1/2 small (2 oz) white onion, sliced
1/4-inch thick 4 garlic cloves, peeled
about 1/4 cup water
1/3 cup fresh cilantro, loosely packed, chopped
1 generous teaspoon sea salt
1 1/2 teaspoons cider vinegar


For 5 cups:

3 pounds (about 12 medium plum) ripe tomatoes (preferably plum)
4 to 6 (2 to 3 oz) fresh jalapeño chilies*, stemmed
1 small (4 oz) white onion, sliced
1/4-inch thick 8 garlic cloves, peeled
about 1/2 cup water 2/3 cup fresh cilantro, loosely packed, chopped
2 generous teaspoons sea salt
1 tablespoon cider vinegar

*Other chilies you can use: habanero (orange or green), Serrano, Santa Fe, Fresno, fresh pequin (go light; they’re hot!) Hungarian wax, fresh arbol, cayenne, Tabasco, as well as most small hot fresh chilies.

Roasted Jalapeño-Cilantro Salsa instructions**

  • Heat the broiler. Lay the whole tomatoes and jalapeños out on a broiler pan or baking sheet (many cooks like to line the pan or baking sheet with heavy duty foil to easily capture the juices and make clean up a snap). Set the pan 4 inches below the broiler and broil for about 6 minutes, until darkly roasted-even rather blackened-on one side (the tomato skins will split and curl in places).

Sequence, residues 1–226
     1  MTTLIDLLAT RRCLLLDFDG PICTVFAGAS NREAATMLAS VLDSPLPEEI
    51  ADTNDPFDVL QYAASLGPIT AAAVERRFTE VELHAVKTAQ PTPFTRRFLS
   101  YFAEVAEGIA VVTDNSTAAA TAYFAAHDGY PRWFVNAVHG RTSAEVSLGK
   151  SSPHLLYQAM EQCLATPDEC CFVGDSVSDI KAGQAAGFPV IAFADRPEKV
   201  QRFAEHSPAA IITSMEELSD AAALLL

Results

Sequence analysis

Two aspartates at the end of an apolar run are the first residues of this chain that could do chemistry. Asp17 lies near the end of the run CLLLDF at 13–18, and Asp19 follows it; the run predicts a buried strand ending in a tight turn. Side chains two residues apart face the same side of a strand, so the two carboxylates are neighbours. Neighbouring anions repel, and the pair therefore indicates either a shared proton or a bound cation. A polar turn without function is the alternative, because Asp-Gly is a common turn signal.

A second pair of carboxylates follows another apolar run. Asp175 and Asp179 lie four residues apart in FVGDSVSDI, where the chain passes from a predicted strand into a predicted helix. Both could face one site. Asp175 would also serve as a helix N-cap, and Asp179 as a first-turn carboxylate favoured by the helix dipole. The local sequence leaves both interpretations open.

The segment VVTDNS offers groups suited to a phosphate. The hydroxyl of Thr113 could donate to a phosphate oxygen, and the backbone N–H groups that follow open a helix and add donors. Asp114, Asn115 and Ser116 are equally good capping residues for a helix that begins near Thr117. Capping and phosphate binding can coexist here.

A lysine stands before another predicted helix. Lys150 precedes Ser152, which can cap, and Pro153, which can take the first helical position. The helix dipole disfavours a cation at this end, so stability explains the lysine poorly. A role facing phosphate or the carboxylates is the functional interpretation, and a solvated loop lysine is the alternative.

• With a pair of tongs, flip over the tomatoes and chilies and roast the other side for another 6 minutes or so. The goal is not simply to char the tomatoes and chilies, but to cook them through while developing nice roasty flavors. Set aside to cool.

  • Turn the oven down to 425 F. On a similar pan or baking sheet, combine the onion and garlic (you’ll want to separate the onion into rings) and set in the oven. Stir carefully every couple of minutes, until the onions are beautifully roasted (they’ll be wilted, even have a touch of char on some edges) and the garlic is soft and browned in spots, about 15 minutes total. (For a smokier-flavored salsa, the onion and garlic can all be done on a perforated grilling pan.)
**Instructions for a less rustic salsa

  • Pull off the peel from the cooled tomatoes and cut out the “cores” where the stems were attached (be sure to work over your baking sheet so as not to waste any juices).

  • In a food processor, pulse the jalapeños (no need to peel or seed them) with the onion-garlic mixture until moderately finely chopped, scraping everything down with a spatula as needed to keep it all moving around. Scoop into a big bowl.